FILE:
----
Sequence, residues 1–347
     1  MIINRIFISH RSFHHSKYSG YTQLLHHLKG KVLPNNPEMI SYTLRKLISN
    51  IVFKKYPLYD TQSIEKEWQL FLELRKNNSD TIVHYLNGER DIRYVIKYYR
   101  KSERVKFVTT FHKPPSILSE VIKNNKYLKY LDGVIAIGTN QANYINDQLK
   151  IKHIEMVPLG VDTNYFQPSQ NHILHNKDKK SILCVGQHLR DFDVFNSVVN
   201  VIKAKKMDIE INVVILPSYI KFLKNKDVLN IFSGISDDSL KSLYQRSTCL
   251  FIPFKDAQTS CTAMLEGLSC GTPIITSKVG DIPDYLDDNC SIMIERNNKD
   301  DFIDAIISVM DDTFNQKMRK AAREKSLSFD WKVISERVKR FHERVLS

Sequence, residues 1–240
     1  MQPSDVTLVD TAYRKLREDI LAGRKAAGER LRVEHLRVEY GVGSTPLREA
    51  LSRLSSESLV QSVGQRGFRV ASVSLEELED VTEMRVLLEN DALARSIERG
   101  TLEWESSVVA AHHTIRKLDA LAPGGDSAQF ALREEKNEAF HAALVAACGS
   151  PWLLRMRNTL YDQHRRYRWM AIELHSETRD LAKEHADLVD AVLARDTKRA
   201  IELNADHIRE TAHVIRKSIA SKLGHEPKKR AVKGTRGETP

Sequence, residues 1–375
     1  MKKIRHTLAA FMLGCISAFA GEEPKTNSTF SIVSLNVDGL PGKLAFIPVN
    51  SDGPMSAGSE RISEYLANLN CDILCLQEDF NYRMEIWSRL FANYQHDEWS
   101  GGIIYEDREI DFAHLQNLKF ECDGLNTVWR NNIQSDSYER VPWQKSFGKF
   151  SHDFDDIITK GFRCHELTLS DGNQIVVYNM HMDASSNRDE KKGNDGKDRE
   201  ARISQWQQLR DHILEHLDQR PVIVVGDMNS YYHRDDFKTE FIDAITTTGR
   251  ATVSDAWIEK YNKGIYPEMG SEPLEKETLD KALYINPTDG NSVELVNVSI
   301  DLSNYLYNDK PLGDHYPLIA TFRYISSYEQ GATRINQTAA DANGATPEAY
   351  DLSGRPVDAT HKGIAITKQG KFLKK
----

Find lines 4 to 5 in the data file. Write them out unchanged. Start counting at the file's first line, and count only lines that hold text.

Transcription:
   101  KSERVKFVTT FHKPPSILSE VIKNNKYLKY LDGVIAIGTN QANYINDQLK
   151  IKHIEMVPLG VDTNYFQPSQ NHILHNKDKK SILCVGQHLR DFDVFNSVVN